What is it Really Like Being a Community Health Worker?

being a community health worker

It’s always been important to you that people know what options they have in life. You’ve always cared about healthy living and are passionate about promoting it to others. You see the big picture, and people come to you because they know you’ll have the resources to get them connected.

If you consider yourself a people person and have a desire to help others improve their lives, you’ve probably considered a healthcare career. But just because you’re interested in providing direct patient care, doesn’t mean you have to work in a hospital. It sounds like a career as a community health worker might be right up your alley.

But before you make your decision, you need to know the ins and outs of the job. We connected with a variety of community health workers to give you a realistic view of the profession. Keep reading for a sneak peek into this rewarding healthcare career.

What does a community health worker actually do?

A community health worker (CHW) serves as a liaison between health or social services and individuals in their communities. These are the people on the front lines, providing advocacy, information and education to community members in order to help them improve their lifestyle and link them to their proper healthcare options. They can work everywhere from family services offices to outpatient care centers to offices of physicians.

FACT: Jobs for community health workers are expected to increase 25% through 2022.

As you can see, there are many different types of CHWs, so depending on the type of community you prefer—urban, communities with limited resources, groups with cultural beliefs that differ from Western medical care—you could end up carrying out all sorts of different kinds of duties. Tasks could vary from distributing brochures with educational information in relevant neighborhoods to helping an elderly woman check her glucose levels. They may also work with individuals or groups to educate them on preventable diseases like HIV, heart disease or skin cancer.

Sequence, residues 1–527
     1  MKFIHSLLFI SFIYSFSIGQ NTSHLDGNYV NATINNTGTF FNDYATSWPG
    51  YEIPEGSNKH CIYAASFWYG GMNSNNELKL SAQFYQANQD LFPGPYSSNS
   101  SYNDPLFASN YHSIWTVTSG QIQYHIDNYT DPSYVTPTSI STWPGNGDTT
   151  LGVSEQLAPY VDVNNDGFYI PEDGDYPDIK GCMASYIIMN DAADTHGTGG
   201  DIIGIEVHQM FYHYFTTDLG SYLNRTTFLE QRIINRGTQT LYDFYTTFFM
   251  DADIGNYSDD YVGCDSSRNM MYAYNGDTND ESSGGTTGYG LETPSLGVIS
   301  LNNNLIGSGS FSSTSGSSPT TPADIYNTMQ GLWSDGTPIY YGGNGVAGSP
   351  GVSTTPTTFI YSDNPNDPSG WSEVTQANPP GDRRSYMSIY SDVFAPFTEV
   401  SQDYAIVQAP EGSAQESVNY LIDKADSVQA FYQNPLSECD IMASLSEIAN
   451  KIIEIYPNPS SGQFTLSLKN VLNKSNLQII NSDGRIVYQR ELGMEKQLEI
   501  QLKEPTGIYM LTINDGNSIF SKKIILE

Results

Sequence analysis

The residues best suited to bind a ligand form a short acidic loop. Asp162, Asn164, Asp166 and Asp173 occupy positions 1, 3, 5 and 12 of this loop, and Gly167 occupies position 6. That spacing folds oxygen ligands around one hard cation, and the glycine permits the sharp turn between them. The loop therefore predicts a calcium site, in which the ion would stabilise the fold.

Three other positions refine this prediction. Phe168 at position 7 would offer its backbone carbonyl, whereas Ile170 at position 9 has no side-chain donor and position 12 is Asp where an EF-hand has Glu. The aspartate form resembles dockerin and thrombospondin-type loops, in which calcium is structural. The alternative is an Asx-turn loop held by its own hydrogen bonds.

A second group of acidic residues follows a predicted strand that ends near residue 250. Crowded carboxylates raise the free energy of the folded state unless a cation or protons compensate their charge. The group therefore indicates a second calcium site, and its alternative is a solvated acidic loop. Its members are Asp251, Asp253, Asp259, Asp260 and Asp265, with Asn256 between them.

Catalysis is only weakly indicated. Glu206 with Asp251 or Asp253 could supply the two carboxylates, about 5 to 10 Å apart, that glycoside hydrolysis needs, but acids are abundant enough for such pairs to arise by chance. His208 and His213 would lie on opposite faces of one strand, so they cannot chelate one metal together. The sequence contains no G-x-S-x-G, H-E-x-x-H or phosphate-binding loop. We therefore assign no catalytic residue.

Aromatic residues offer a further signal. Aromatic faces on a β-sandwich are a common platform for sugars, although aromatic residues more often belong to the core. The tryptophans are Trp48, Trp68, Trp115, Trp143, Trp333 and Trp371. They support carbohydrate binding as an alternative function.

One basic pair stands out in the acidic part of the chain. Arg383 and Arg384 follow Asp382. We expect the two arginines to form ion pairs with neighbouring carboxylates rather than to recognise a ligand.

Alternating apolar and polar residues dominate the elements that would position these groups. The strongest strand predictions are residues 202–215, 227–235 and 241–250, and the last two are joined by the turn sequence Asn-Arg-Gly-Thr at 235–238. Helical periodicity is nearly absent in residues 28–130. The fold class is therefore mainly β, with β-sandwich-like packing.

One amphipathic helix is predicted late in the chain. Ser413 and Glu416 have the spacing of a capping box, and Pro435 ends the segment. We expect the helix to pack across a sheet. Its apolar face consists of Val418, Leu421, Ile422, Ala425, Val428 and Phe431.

By providing social support, informal counseling and services like first aid or blood pressure screening, CHWs help make their communities healthier, supported and educated about healthy living and available health services.

What does a typical day look like as a community health worker?

Depending on the day and the type of CHW, daily duties can vary significantly. A CHW generally has a lot of mobility, and the responsibilities of their position will change depending on the needs of individuals or the general community. You may end up providing cultural mediation related to healthcare for one community member, or you could spend your day educating a family on the importance of childhood immunizations.

“My day can start as early as 7:00am to work with adult and senior clients,” says Tasha Kornegay, a CHW who specializes in outpatient mental health patients. She explains that later in the day, she works with school-age children and also organizes care with clients’ primary care providers depending on the types of medical needs they have.

For most CHWs, no two work days are the same. So describing a “typical day” is a bit of an oxymoron, because there is no such thing as typical.

What does it take to become a community health worker?